We find a vampire trapped in a net just after dusk. Dolores Manzano from the Comité de Fomento y Salud Animal del Estado de Puebla, an expert in the habits of these bats, explains to us that the vampires always approach along the ground when they come to attack the cattle. That explains why they lay the traps on the ground next to the enclosure where the cattle will spend the night.
This vampire was undoubtedly on its way to suck blood from one of the animals belonging to Jesús Bando, member of the Puebla Rancher’s Association. Jesús tells us that whenever they inspect the cattle they always find a number of cattle with vampire wounds. Although it is dark and it is difficult to spot the wounds by torchlight, Jesus takes us to inspect part of his herd.
Maybe it is the lack of light, or perhaps the vampire ‘problem’ is not as bad as it is sometimes made out to be, but we don’t find any recent wounds on any of the 50 or so nervous cows we inspect. Nevertheless, the captured vampire and the still suppurating wound behind the ear of his horse are proof enough of the problem and a strong enough reason for Jesús to stand firm in his conviction: the populations of blood-sucking bats must be controlled. He insists that the anti-rabies vaccine does not solve all the problems caused by the vampires’ attacks since they repeatedly attack the smallest calves, taking advantage of the wounds they have already inflicted. This can weaken the animal, which may die. The vets of the Comité de Fomento y Salud Animal del Estado de Puebla that accompany us just shrug their shoulders when we ask them if they have come across this particular problem or if they know how serious it is. The little patch of jungle that, with the magical flight of the toucan, seemed so joyous by day, now takes on a much more sinister and mysterious aspect.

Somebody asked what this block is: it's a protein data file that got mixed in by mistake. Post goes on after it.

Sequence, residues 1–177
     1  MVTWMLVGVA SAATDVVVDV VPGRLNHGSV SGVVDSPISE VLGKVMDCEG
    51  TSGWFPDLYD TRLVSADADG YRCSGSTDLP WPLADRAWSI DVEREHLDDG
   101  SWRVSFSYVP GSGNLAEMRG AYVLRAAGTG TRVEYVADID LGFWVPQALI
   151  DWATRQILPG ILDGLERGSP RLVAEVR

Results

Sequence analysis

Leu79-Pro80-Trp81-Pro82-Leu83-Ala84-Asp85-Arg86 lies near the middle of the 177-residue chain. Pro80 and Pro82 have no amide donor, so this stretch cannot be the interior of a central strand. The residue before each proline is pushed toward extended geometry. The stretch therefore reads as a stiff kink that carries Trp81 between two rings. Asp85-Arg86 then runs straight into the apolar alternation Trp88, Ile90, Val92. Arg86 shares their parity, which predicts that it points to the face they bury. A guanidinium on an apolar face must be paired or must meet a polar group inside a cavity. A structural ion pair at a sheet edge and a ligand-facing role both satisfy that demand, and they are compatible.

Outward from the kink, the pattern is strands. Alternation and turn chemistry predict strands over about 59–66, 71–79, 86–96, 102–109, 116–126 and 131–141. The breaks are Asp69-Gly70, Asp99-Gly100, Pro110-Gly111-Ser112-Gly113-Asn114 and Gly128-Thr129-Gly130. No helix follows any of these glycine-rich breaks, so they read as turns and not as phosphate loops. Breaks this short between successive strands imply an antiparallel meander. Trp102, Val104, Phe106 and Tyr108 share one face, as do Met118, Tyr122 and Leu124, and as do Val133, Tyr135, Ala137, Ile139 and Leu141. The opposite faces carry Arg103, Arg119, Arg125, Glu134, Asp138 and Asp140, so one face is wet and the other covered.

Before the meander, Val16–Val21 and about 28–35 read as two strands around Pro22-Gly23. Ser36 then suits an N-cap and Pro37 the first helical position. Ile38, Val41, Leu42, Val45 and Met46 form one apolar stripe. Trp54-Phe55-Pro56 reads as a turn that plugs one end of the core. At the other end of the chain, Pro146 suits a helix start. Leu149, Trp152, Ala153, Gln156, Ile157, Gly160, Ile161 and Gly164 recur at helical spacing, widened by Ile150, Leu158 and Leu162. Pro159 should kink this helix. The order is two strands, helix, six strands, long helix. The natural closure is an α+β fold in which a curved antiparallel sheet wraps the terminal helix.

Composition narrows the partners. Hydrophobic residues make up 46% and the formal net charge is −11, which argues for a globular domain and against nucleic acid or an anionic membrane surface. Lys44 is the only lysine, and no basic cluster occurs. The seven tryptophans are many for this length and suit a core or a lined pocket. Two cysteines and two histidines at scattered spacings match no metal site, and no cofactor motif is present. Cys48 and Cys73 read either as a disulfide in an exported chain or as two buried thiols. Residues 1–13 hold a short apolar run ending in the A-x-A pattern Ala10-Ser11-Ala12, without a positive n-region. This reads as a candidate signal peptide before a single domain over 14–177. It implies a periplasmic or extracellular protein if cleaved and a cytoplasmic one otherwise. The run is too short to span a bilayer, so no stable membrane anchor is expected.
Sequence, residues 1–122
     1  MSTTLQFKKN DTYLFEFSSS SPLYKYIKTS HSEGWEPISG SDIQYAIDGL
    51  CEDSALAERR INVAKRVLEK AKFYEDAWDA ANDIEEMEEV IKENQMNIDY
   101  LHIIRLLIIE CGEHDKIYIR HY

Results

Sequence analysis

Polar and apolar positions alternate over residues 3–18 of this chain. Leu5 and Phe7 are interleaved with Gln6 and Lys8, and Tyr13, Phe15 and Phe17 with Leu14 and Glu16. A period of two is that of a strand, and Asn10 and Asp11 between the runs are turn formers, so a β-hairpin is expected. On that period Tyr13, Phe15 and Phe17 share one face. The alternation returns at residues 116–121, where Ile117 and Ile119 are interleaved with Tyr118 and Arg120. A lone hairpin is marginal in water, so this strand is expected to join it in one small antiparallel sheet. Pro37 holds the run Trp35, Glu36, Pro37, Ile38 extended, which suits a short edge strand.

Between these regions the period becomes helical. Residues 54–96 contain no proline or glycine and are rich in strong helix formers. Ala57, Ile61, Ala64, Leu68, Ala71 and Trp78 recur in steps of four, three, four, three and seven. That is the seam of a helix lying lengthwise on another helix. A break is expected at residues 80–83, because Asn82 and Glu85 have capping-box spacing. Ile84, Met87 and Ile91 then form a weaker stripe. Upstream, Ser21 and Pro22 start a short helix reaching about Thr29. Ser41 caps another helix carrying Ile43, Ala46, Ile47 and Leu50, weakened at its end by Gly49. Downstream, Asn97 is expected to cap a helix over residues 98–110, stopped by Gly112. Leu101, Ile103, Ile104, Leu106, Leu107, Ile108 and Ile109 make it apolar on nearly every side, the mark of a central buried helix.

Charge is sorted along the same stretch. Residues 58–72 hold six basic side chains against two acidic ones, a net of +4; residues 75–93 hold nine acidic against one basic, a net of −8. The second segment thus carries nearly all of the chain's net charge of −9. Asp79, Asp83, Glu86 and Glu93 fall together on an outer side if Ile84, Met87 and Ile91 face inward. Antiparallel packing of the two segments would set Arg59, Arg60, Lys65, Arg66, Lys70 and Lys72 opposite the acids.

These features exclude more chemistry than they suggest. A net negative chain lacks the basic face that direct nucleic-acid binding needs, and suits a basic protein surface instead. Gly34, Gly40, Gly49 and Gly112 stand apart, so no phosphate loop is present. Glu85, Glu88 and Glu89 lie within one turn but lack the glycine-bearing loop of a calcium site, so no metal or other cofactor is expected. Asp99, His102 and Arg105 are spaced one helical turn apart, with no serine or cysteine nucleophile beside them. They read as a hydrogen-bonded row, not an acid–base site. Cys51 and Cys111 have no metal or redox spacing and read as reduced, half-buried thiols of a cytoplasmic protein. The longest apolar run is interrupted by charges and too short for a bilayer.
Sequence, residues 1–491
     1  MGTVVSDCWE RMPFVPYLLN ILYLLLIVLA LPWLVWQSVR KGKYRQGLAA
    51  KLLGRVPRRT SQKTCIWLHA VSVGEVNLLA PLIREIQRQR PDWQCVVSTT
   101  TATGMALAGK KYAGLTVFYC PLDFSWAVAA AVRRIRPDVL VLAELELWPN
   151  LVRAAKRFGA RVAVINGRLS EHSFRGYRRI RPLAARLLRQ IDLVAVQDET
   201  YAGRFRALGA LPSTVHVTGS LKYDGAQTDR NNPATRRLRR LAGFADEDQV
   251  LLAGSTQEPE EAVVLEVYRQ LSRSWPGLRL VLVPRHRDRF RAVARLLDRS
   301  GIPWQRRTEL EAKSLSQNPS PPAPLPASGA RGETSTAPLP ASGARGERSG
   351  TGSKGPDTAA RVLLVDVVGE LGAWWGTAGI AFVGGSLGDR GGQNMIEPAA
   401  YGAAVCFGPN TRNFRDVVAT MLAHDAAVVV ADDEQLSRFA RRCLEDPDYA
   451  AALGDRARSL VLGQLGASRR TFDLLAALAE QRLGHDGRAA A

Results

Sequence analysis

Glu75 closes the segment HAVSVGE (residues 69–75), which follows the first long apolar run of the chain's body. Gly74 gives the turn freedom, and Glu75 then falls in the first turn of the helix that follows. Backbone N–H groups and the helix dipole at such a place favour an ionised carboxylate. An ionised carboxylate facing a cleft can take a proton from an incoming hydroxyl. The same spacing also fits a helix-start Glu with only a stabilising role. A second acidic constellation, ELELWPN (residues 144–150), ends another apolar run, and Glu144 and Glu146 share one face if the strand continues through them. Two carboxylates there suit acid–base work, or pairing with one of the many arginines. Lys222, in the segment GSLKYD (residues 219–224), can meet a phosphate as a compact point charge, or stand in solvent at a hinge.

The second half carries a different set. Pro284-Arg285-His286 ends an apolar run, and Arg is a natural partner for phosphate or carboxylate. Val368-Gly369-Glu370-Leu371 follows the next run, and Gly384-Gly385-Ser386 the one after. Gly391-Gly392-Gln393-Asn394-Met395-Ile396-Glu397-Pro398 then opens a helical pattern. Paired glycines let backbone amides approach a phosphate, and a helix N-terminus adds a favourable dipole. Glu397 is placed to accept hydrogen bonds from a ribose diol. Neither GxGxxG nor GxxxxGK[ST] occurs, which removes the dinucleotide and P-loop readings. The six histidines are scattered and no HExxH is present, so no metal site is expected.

Whatever the truth of the matter, before releasing the bat the vets daub its back with a ‘vampiricide’ cream. Although both the ranchers and the vets are used to using it, to the more incredulous of us it resembles the product of the over-active imagination of a comic-book writer. Badly hiding our scepticism, we ask to inspect the label, on which the product’s principal active ingredient is announced as bromadiolone (“broma” meaning “joke” in Spanish), which only serves to increase our cynicism. But, as Arturo Córdova, the Comité’s vet explains, vampires are very sociable and lick each other when they mutually preen. In this way, the poison spreads through the colony and perhaps as many as a dozen bats will succumb to it. In this way, vampire populations are kept down. Bromadiolone is a very effective anticoagulant and causes death by internal bleeding. In the end, the truth dispels our initial almost comic impression of this method of bat control.
Still in the municipality of Hueytamalco and just a few kilometres away (but quite a long drive enlivened by various skids and getting stuck in the mud), we reach the neat ranch belonging to Gabriel de la Sierra, rancher and another member of the Comité. As he vaccinates some of his zebu cattle, the hardy local breed, he talks about the efforts being made by the government to ensure that the rabies prevention campaigns reach all ranchers. The cost of the vaccine, which is calculated on an annual basis, is around 10 Mexican pesos per animal (about 0.60€), while a kilo of meat is sold at about 100 pesos. Given that up to 2–3% of animals can die in a rabies outbreak, the losses that can accrue if the vaccine is not used are obvious. For Gabriel, there are no good reasons for not vaccinating cattle once the figures are worked out since, furthermore, the treatment is subsidized by the government. Making ranchers more aware and more knowledgeable is the key to the question and the Comité’s work is largely aimed at controlling rabies outbreaks and those of other infectious diseases that affect cattle herds.